An amoeba is a type of single-celled organism belonging to the kingdom Protista. Amoebas are characterized by their ability to change shape due to the flexible cell membrane and the formation of pseudopodia (temporary projections of cytoplasm). They are eukaryotic microorganisms, meaning they have a nucleus and other membrane-bound organelles.

Structure of an Amoeba

Amoebas have a simple but highly adaptable structure, which includes:

  • Plasma Membrane: A flexible cell membrane that encloses the cell and allows it to change shape.
  • Cytoplasm: Divided into two parts:
    • Ectoplasm: The clear, gel-like outer layer.
    • Endoplasm: The granular, fluid inner layer containing organelles.
  • Nucleus: A membrane-bound structure that contains the cell’s genetic material.
  • Pseudopodia: Temporary, foot-like extensions of the cell used for movement and feeding.
  • Contractile Vacuole: A structure that expels excess water from the cell, maintaining osmotic balance.
  • Food Vacuoles: Membrane-bound structures where ingested food is digested.

Movement and Feeding

Amoebas move and feed using pseudopodia, which they extend and retract to creep along surfaces and engulf food particles. This process, known as phagocytosis, involves the amoeba surrounding its prey (such as bacteria or smaller protists) with its pseudopodia, enclosing it within a food vacuole where digestion takes place.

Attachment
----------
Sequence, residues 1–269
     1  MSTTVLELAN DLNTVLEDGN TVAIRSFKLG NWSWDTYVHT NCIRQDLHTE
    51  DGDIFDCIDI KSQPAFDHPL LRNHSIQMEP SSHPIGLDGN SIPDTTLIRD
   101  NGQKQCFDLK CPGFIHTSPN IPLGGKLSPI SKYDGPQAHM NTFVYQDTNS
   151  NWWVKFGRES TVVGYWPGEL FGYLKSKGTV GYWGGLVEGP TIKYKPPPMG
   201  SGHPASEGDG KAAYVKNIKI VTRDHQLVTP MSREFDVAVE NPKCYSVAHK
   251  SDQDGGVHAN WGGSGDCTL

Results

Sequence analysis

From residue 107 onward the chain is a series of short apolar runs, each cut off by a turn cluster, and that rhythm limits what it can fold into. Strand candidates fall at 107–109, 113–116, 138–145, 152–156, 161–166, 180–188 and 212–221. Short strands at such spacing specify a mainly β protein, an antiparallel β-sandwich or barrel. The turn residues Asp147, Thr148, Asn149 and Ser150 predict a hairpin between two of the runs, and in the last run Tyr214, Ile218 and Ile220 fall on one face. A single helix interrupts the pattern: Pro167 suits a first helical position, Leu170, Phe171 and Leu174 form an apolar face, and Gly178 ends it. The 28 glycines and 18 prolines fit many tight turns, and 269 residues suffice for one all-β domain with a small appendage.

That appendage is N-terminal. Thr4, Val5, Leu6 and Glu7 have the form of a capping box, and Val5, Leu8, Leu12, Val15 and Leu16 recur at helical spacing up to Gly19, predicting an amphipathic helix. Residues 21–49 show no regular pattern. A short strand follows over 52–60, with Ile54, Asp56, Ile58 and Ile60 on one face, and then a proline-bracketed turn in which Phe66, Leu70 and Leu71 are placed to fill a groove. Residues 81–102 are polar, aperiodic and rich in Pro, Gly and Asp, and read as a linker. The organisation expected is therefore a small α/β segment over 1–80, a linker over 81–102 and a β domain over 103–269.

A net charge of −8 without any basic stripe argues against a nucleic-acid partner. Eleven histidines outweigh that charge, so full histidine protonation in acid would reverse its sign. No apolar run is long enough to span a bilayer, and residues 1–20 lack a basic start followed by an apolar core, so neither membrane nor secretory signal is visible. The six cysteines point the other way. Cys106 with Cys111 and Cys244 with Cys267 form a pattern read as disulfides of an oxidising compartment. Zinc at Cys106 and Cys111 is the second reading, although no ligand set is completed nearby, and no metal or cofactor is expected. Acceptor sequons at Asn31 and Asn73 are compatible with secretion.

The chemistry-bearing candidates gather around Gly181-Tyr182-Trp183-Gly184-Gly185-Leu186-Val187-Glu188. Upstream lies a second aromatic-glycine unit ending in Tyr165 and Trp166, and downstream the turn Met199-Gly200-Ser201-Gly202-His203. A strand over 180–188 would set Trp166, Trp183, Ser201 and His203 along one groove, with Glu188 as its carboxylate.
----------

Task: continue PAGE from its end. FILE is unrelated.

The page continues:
Amoebas are found in a variety of habitats, including:

  • Freshwater environments (ponds, lakes, streams)
  • Marine environments (oceans, seas)
  • Soil
  • Inside other organisms (as parasites)

Types of Amoebas

There are many species of amoebas, but they can be broadly classified into two main groups:

  • Free-Living Amoebas: These amoebas live independently in various environments. Examples include:
    • Amoeba proteus: A well-known species often studied in laboratories.
    • Dictyostelium discoideum: A social amoeba that can aggregate to form multicellular structures.
  • Parasitic Amoebas: These amoebas live inside host organisms and can cause diseases. Examples include:
    • Entamoeba histolytica: Causes amoebic dysentery in humans.
    • Naegleria fowleri: Known as the “brain-eating amoeba,” it can cause a rare but often fatal brain infection.

Roles and Importance of Amoebas

Amoebas play several significant roles in the environment and in scientific research:

  • Ecological Role: Amoebas contribute to nutrient cycling by feeding on bacteria, algae, and other microorganisms.
  • Research: Amoebas, particularly Amoeba proteus, are used as model organisms in cell biology to study cell motility, cytoplasmic streaming, and other cellular processes.
  • Disease: Parasitic amoebas are important in medical research due to their role in human diseases, leading to advancements in understanding and treating these infections.

Examples of Amoebas

  • Beneficial Amoebas:
    • Amoeba proteus: Widely used in educational and research settings.
    • Dictyostelium discoideum: Studied for its unique life cycle and social behavior.
  • Pathogenic Amoebas:
    • Entamoeba histolytica: Causes amoebic dysentery, a severe form of diarrhea.
    • Naegleria fowleri: Causes primary amoebic meningoencephalitis (PAM), a rare but often fatal brain infection.

Differences between Bacteria and Amoeba

KingdomMonera (Prokaryota)Protista
DomainBacteria or ArchaeaEukarya
Cell TypeProkaryotic (no nucleus)Eukaryotic (with nucleus)
Cell StructureSimple, lack membrane-bound organellesComplex, with membrane-bound organelles